Serial killers may seem like a thing of the past, due to advancements in modern technology and surveillance. But the horrible truth is that murder hasn't stopped, and there was a serial killer active in Tampa, FL, for a period of nearly two months in October and November 2017.
Florida serial killers are famous for their aggression. However, most of them had a strict modus operandi. The suspect, Howell Emanuel Donaldson III didn't seem to be following a pattern; the only connection seems to be the victims were out at the same time as the killer.
At first, police thought they might be dealing with a group of killers. It's not out of the question to have multiple serial killers in the same city, but that makes it that much harder to put a stop to the crimes. It was a frightening time for locals, but Tampa Police Chief Brian Dugan urged everyone to continue living their lives: "We're not going to be held hostage by whoever's doing this." And in the end, they got their man.
He Killed Three People In Just A Week's Time
Over the course of about a week in October 2017, three seemingly unrelated people were murdered in the Seminole Heights area of Tampa. Benjamin Edward Mitchell, 22, was killed on October 9 near a bus stop, and died at the hospital. The body of Monica Cardida Hoffa, 32, was found on October 13; she had been moved to a vacant lot, and police believe she was killed two days earlier. Anthony Naiboa, 20, was shot while walking between bus stops on October 19.
The victims were all shot and killed within blocks of each other; Mitchell and Naiboa were shot on the same street. Neighborhood residents are convinced the crimes are connected, but so far there's no motive for the slayings.
Tampa Police Chief Brian Dugan gave a press conference on October 20, during which he called for a stop to the violence. Speaking directly to the then-unknown killer, Dugan said, "I don't know what your motive is. I don't know what your problem is. There's been enough carnage. You have severely affected some families."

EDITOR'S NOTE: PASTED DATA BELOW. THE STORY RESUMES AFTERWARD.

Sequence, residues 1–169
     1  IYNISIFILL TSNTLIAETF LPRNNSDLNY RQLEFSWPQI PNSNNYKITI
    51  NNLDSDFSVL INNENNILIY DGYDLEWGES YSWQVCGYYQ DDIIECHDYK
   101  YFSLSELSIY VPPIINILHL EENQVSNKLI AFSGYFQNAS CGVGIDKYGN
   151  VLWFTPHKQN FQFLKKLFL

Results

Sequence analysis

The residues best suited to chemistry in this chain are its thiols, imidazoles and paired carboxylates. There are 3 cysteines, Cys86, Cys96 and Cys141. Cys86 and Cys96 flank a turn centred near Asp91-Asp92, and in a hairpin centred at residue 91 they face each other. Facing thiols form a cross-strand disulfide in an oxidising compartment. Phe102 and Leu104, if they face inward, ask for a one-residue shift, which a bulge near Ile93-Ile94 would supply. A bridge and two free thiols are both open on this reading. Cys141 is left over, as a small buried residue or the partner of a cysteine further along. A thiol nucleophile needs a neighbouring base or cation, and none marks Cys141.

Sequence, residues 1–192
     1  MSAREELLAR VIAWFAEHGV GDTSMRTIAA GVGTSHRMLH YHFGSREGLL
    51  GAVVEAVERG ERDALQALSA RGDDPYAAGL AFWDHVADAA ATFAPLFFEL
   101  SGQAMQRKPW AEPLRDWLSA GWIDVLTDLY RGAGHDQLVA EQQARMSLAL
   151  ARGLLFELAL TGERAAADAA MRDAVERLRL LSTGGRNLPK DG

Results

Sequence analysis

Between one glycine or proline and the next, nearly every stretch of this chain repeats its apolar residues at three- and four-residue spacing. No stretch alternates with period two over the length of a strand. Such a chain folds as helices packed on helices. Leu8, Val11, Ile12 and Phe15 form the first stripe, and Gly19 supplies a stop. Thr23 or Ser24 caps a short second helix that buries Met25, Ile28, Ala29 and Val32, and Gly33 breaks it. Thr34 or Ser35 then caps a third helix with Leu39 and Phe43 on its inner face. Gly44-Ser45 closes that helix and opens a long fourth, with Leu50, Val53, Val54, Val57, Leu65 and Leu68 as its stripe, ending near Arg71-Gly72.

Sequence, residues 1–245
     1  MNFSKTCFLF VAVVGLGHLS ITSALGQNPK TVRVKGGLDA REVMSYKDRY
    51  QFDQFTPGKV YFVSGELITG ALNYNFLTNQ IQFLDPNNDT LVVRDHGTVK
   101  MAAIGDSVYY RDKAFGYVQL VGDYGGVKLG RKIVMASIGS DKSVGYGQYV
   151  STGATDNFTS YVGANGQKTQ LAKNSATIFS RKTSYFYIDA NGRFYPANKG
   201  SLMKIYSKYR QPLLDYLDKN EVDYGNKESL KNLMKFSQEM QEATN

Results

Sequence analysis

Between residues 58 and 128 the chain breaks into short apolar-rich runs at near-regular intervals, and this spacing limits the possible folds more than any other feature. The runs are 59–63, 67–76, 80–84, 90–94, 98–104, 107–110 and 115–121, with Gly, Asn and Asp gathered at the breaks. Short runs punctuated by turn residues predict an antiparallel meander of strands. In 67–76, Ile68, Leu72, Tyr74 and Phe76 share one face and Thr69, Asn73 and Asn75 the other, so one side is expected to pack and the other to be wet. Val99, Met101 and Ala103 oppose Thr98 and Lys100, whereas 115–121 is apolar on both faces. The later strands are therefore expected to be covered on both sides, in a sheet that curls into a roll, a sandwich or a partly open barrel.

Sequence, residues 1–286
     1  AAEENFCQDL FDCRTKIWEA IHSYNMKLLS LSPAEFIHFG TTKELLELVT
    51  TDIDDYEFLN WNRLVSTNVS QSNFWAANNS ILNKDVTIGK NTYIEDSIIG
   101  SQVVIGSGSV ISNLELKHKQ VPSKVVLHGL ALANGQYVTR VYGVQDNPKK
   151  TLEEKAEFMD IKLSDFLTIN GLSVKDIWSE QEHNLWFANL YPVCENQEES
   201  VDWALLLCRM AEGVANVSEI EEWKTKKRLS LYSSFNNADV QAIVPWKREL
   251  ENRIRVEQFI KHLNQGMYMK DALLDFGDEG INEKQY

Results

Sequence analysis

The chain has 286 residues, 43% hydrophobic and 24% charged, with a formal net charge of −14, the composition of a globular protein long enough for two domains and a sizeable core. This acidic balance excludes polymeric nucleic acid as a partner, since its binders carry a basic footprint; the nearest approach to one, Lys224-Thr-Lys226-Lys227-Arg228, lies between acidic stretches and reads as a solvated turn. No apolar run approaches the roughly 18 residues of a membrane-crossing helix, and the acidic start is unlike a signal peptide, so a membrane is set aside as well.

The Victims Don't Seem To Have Anything In Common
Each victim regularly rode the bus, and each was shot near a bus stop. But authorities point out that, despite those surface similarities, there's no real connection between the victims. It appears as though killer Howell Emanuel Donaldson III was selecting targets at random. According to police in November 2017, he did not divulge a motive.
Police Stepped Up Patrols, But Couldn't Prevent A Killing
After the first two murders, Tampa police began to swarm the streets of Seminole Heights. Tragically, even that increased presence didn't stop the killer from shooting Anthony Naiboa. The young man had gotten on the wrong bus after work and ended up in the neighborhood by accident; police officers heard gunfire, but couldn't get to him in time.
Police Chief Brian Dugan told reporters, "You can imagine the frustration of these officers to hear gunshots and not be able to find this person... [Naiboa] was in the prime of his life and was taken instantly."
A Fourth Victim Was Killed Weeks Later
A few weeks passed without another killing. Then, early in the morning on November 14, 2017, police responded to a shooting call and found 60-year-old Ronald Felton dead.
Like the other victims, Felton had been shot in the street. But this time, police had a witness, and a suspect. They began looking for a six-foot tall, thin black man dressed in all-black clothing.